maps pieces of cloth illustrations in encyclopedias

the child grown alone noting down on scraps
ephemerae envelopes cafeteria napkins slips
of paper inserted into books each particulate
of dream and wanderlust

explorations obsessive quests for the materials
to objectify dreams and then for the systems to order
to contain
those objects in assemblages

boxes private universes of buttons movie photos stuffed birds bottles globes corks liqueur glasses elusive texts mystery things

sequins toys feathers spools of thread in the dead season prowling
five and dimes
in Flushing and Manhattan an unexpected
"flowering in the teeth of winter" (a Woolworth's window display)

Angels fairies "sylphides" populating "shadow boxes"
windows facing in
facing out -- searching for dreamgirl
shop clerks waitresses librarians "sales girls"
"Courtesy Drugs check-out girl -- seen in Food Shop
Piled up hair again -- warm light

brown corduroy slacks, no socks
but the same dreamy docileness remembered
the immense innocence + beauty of expression"

Intense imaginal "relationships" longings mood
swings violent turbulences creative
elations out of nowhere lifting the undisclosed soul
into the clouds in the suburban
back yard

"temoignages" moments of witness to a condition
of sudden grace marked in diaries
by a star as "special signs" the gold threads in the weave
the inexpressibility of life's fleeting moments its transitory
a brief shading of light on the side
of a building

the abrupt rising of a flock of birds into the air
a piece of classical music heard on the radio
a face on the bus a brother's smile the odd buoyant
being-alive quality everywhere a rare harmony and calm
as if a dark sky opened suddenly
to reveal with wondrous clarity the constellations
he so loved

Dec. 9, 1948 (Wednesday)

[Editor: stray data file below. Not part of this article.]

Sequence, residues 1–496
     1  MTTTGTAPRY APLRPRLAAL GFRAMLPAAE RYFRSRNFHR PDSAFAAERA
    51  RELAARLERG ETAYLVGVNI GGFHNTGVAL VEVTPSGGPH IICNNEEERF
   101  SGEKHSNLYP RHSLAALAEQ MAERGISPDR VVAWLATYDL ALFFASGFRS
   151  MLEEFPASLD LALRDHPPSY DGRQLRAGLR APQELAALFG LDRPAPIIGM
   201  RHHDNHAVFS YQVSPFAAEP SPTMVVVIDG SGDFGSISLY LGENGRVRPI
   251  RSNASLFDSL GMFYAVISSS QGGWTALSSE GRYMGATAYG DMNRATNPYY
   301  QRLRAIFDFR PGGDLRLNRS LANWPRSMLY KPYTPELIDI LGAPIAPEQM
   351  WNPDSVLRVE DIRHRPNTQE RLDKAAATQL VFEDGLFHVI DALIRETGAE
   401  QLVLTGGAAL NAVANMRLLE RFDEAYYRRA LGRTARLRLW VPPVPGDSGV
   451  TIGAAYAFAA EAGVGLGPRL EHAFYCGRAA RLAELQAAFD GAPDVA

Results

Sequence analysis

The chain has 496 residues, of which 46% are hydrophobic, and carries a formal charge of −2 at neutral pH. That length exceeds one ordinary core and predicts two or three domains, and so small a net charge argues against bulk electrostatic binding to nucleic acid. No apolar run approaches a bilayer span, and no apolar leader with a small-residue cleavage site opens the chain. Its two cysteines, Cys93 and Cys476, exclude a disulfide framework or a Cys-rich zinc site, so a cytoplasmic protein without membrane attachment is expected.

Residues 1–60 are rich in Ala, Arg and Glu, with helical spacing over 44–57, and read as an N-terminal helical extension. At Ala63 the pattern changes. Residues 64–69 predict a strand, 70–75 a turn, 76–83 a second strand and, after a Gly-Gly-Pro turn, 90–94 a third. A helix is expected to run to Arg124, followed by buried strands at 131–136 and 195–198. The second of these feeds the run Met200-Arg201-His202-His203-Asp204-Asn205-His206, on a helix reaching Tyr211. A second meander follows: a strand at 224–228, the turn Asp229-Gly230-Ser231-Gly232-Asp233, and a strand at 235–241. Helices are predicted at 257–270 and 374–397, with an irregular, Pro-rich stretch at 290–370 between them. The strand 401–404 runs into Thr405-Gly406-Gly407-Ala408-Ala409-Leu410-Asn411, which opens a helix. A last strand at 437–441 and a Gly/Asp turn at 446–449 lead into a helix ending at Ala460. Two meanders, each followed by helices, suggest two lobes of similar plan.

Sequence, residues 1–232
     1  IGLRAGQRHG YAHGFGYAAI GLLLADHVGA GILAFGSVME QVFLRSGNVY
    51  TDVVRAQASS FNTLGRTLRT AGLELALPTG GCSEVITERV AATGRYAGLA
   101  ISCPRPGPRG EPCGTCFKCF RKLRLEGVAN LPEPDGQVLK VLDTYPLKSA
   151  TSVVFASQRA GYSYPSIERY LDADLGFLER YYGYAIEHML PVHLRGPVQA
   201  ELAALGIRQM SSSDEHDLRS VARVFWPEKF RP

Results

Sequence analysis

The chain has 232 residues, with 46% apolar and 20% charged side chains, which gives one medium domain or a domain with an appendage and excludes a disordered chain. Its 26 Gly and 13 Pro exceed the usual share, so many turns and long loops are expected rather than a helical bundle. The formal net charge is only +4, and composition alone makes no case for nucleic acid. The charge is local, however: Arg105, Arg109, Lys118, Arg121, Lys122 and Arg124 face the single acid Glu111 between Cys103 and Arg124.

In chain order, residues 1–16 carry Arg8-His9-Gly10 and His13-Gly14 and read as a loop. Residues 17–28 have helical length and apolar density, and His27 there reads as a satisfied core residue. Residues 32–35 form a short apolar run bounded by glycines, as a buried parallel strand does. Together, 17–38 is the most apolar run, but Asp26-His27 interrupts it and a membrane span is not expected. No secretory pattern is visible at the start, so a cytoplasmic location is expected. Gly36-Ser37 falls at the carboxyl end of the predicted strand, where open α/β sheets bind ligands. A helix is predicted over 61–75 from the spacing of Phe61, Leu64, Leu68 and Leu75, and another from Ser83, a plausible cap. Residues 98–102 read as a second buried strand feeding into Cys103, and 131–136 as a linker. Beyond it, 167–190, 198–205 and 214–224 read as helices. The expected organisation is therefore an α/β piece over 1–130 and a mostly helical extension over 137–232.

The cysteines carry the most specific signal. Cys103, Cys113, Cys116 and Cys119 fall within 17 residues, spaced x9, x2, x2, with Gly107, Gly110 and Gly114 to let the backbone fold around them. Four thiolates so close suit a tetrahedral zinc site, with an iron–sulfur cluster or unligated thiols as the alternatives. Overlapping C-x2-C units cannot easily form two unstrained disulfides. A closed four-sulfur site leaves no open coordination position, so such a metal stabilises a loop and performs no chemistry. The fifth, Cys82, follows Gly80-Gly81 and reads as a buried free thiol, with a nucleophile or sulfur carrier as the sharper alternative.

the "all over" feeling that makes of the incidental a never ceasing wonder and spectacle of the spiritual

(Diary entry from Joseph Cornell's Theater of the Mind)
Joseph Cornell boxes:
Cassiopeia 1, c. 1960 (Estate of Joseph Cornell)
Untitled (Soap Bubble set), 1936 (Wadsworth Atheneum, Hartford)
Untitled (Penny Arcade Portrait of Lauren Bacall), 1945-46 (Collection Mr. and Mrs. E. A. Bergman, Chicago)
Untitled (Paul and Virginia), c.1946-48 (Collection Mr. and Mrs. E.A. Bergman, Chicago)
Grand Hotel Semiramis, 1956 (The Joseph and Robert Cornell Memorial Foundation)
Untitled (Solar set), c. 1956-58 (Collection Donald Varshan, New York)
Untitled (Pharmacy), c.1943 (Collection Mrs. Marcel Duchamp, Paris)
Untitled (Grand Owl Habitat), c.1946 (Collection Mr. and Mrs. Richard H. Kaplin, Toledo, Ohio)
Toward the Blue Peninsula, c. 1951-52 (Collection Daniel Varenne, Geneva)
Verso of Cassiopeia 1, c. 1960 (Estate of Joseph Cornell)

Friday 23 October 2009

De Ira Dei


File:NGC7293 (2004).jpg

Anger may be a necessary element in the character of God.

In fact given what is to be looked upon
In the mirror of an ever more exposed creation

With an eye that shines through the hole
In the ozone, clouded by thawing tears, perhaps

It is difficult not to make out iris and pupil in